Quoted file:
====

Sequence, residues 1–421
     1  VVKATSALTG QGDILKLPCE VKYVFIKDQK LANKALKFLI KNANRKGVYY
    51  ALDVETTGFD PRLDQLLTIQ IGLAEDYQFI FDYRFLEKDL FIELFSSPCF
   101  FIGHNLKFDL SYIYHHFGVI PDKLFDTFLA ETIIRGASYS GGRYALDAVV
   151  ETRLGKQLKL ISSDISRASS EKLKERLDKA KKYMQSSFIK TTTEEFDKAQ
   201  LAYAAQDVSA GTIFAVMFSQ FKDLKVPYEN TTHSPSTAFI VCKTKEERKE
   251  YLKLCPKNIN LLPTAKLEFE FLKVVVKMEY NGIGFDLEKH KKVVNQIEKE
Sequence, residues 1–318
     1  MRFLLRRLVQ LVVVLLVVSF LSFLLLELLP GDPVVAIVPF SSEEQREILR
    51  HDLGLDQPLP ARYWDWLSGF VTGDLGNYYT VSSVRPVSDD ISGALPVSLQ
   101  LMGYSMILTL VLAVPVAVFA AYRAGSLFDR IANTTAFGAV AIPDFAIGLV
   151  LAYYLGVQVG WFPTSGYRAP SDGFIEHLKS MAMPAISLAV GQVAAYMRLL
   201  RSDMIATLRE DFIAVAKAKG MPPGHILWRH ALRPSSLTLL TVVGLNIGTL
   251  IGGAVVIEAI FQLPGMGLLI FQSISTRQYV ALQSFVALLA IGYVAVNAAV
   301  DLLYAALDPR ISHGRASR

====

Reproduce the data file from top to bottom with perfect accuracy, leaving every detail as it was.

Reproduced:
Sequence, residues 1–421
     1  VVKATSALTG QGDILKLPCE VKYVFIKDQK LANKALKFLI KNANRKGVYY
    51  ALDVETTGFD PRLDQLLTIQ IGLAEDYQFI FDYRFLEKDL FIELFSSPCF
   101  FIGHNLKFDL SYIYHHFGVI PDKLFDTFLA ETIIRGASYS GGRYALDAVV
   151  ETRLGKQLKL ISSDISRASS EKLKERLDKA KKYMQSSFIK TTTEEFDKAQ
   201  LAYAAQDVSA GTIFAVMFSQ FKDLKVPYEN TTHSPSTAFI VCKTKEERKE
   251  YLKLCPKNIN LLPTAKLEFE FLKVVVKMEY NGIGFDLEKH KKVVNQIEKE
Sequence, residues 1–318
     1  MRFLLRRLVQ LVVVLLVVSF LSFLLLELLP GDPVVAIVPF SSEEQREILR
    51  HDLGLDQPLP ARYWDWLSGF VTGDLGNYYT VSSVRPVSDD ISGALPVSLQ
   101  LMGYSMILTL VLAVPVAVFA AYRAGSLFDR IANTTAFGAV AIPDFAIGLV
   151  LAYYLGVQVG WFPTSGYRAP SDGFIEHLKS MAMPAISLAV GQVAAYMRLL
   201  RSDMIATLRE DFIAVAKAKG MPPGHILWRH ALRPSSLTLL TVVGLNIGTL
   251  IGGAVVIEAI FQLPGMGLLI FQSISTRQYV ALQSFVALLA IGYVAVNAAV
   301  DLLYAALDPR ISHGRASR